HRI regulatory center

Regulatory and legislative updates and analysis


President Donald Trump: The latest healthcare developments

Comprehensive report: Health reform 2.0: A guide to developing resilience amid an uncertain future for the Affordable Care Act

President Donald Trump and Republican congressional leadership have promised to repeal and replace the Affordable Care Act (ACA). Just how that will happen remains unclear. For the nation’s healthcare providers, payers, pharmaceutical and life sciences companies, new entrants and employers, this uncertainty makes planning for the future a complicated matter. In this report, PwC’s Health Research Institute and the firm’s strategy practice, Strategy&, present a comprehensive analysis of scenarios for repealing and replacing the ACA, along with practical steps health organizations can take in this time of uncertainty. 

Read HRI and Strategy&'s report, Health reform: 2.0: A guide to developing resilience amid an uncertain future for the Affordable Care Act

View more

Guide to the American Health Care Act

On May 4, House Republicans passed the American Health Care Act (AHCA), which aims to partially repeal and replace the Affordable Care Act (ACA). As passed by the House, the AHCA would repeal $663 billion in ACA taxes and fees over 10 years, phase out the ACA’s expansion of the Medicaid program, cap federal Medicaid funding and cut it by $834 billion over 10 years, replace the ACA’s income-based premium tax credits and other subsidies with age-based ones, and give states flexibility to opt out of key ACA provisions (see Figure 1), according to analyses by the Congressional Budget Office (CBO) and the Joint Committee on Taxation (JCT). All told, 23 million fewer people likely would have insurance by 2026 compared with current law, according to the analyses. 

Read HRI’s spotlight, Trump administration health policy agenda: House passes the American Health Care Act

View more

Trump administration weekly highlights

Highlights – June 19, 2017

Trump administration: Senate releases draft of health reform legislation
The Senate released its draft Thursday of the Better Care Reconciliation Act (BCRA)—a bill intended to repeal and replace the ACA—that contains significant similarities to the American Health Care Act (AHCA) the House passed in May but with adjustments to phase in Medicaid cuts and allow more changes to insurance plans. Medicaid would continue as is until 2020, when a three-year phased end to enhanced subsidies would begin. Medicaid also would switch to a per-capita cap system, with the growth rate pegged to the Consumer Price Index (CPI)-Medical until 2025 when it would be lowered to CPI-Urban. For certain populations like the elderly or disabled, the growth rate would be increased by a percentage point.

The bill also would affect private insurance. The employer and individual mandate penalties would be eliminated, but without any continuous coverage requirement—a departure from the House-passed AHCA. Cost-sharing reduction payments that increase plan affordability would be explicitly funded through 2019. States could more easily apply for existing waivers (Section 1332) to exempt themselves from certain exchange requirements and from providing certain essential health benefits, and insurers would be permitted to charge elderly enrollees up to five times as much as their youngest enrollees. All but one of the ACA’s taxes would be eliminated; the Cadillac tax would be retained but delayed until 2026.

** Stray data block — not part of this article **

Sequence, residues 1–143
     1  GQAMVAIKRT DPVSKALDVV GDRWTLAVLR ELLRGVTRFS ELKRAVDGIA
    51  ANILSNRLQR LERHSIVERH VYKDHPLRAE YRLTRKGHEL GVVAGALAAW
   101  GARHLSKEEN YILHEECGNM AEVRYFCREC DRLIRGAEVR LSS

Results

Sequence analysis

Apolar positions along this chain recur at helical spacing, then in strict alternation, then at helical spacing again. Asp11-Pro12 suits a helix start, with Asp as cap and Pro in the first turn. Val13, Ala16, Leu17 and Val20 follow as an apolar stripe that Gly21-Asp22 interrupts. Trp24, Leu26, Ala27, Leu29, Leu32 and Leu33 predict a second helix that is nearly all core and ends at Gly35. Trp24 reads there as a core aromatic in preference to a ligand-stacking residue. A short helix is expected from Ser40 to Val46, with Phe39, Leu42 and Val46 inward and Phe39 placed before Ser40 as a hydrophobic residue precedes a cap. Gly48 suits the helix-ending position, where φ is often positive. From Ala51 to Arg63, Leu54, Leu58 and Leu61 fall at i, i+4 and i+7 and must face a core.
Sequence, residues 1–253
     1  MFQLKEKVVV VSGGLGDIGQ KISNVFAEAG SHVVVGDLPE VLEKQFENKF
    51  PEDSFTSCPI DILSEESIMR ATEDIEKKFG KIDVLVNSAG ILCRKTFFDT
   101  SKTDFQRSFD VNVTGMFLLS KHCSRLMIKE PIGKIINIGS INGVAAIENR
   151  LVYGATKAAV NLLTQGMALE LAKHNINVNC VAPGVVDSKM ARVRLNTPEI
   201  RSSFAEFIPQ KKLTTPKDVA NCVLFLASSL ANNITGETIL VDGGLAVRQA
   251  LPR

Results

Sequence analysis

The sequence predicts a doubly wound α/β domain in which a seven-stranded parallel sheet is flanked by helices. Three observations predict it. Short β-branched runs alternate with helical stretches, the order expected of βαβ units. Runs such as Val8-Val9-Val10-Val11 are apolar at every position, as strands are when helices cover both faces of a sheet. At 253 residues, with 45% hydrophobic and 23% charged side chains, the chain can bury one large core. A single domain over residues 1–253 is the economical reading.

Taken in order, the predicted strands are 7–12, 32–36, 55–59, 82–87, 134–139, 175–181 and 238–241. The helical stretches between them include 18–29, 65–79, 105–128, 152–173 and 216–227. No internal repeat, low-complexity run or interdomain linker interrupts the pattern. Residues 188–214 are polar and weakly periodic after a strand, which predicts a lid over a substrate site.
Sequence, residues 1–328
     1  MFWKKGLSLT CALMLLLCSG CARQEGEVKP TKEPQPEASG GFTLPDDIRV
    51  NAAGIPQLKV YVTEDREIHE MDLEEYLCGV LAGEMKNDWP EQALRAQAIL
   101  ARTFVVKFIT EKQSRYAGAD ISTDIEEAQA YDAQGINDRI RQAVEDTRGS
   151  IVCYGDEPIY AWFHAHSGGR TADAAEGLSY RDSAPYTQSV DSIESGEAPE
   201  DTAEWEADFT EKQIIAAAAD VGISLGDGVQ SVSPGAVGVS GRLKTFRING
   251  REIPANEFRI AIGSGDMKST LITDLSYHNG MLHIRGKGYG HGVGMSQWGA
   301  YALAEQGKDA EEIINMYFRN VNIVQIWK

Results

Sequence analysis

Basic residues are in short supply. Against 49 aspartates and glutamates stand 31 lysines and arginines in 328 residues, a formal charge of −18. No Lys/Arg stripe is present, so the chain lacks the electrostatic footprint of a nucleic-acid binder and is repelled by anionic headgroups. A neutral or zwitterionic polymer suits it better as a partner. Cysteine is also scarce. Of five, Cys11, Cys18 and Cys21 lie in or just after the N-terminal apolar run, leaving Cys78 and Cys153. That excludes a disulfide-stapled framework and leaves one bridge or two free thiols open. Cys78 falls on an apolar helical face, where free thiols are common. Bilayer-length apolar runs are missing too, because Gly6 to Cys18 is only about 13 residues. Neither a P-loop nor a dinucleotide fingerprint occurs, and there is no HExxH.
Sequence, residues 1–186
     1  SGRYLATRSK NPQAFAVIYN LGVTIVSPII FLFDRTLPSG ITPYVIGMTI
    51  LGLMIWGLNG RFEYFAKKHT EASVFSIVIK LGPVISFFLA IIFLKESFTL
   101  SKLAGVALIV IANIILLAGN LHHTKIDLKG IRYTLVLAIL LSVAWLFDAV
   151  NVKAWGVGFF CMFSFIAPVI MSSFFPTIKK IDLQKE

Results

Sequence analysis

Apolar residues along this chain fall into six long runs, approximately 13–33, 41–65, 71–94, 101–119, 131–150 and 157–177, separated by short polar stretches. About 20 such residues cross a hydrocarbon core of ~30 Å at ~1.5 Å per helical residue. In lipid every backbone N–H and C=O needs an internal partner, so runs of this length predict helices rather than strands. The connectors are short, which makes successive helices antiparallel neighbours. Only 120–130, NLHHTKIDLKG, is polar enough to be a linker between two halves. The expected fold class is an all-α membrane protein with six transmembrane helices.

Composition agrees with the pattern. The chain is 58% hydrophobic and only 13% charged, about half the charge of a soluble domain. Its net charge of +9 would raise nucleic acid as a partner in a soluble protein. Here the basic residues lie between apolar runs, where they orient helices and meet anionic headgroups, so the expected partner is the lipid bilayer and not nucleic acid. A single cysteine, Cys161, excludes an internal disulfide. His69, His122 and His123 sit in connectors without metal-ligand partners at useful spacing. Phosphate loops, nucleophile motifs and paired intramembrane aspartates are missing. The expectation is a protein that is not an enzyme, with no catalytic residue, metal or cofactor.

HRI impact analysis: The Senate AHCA’s structural similarities to the House version are intended to improve the bill’s chances of passage in the Senate, where Republicans can afford to lose only two votes, and then ultimately both chambers will need to agree on a reconciled version—no easy feat given deep fissures among Republicans. The Congressional Budget Office (CBO) is expected to issue a scoring of the bill early next week, and the Senate is expected to vote on it later in the week. The CBO had previously indicated that over the course of 10 years, the House version would result in 23 million more people lacking health insurance, and CMS’ Office of the Actuary estimated the bill would result in 13 million fewer people having insurance by calendar year 2026. Providers may be the most concerned about the bill’s rollback of the Medicaid program and subsequent benchmarking to a relatively low growth rate, which could increase rates of uncompensated care. Insurers could benefit from the legislation’s increased flexibility regarding insurance regulations but could lose out if subsidies to purchase insurance are less generous and coverage becomes unaffordable. Employers would benefit from the Cadillac tax’s delay and the employer mandate elimination but could see negative impact from job lock. All sectors—including life sciences—would benefit from the bill’s elimination of the ACA’s taxes.

Trump administration: CMS releases proposed 2018 MACRA rule
CMS published a 1,058-page proposed rule Tuesday laying out changes to its quality payment program established under the Medicare Access and CHIP Reauthorization Act of 2015 (MACRA). For 2018, the program’s second year, the agency aims to simplify reporting requirements and offer support for clinicians participating in two payment tracks: Merit-based Incentive Payment System (MIPS) and Advanced Alternative Payment Models (APMs). Providers with fewer than 200 Medicare Part B patients or who made less than $90,000 in annual Medicare Part B claims would be exempt from the program in 2018, an increase from the 2017 threshold of 100 patients and $30,000. They also could benefit from the continuation of the “Pick Your Pace” option that was available in 2017, which allows clinicians to report a limited amount of quality data without facing a penalty. Also, solo practitioners and practices of 10 or fewer clinicians could ban together as a “virtual group” starting in 2018 to pool patient information and meet reporting requirements. Comments on the proposed rule are due Aug. 21.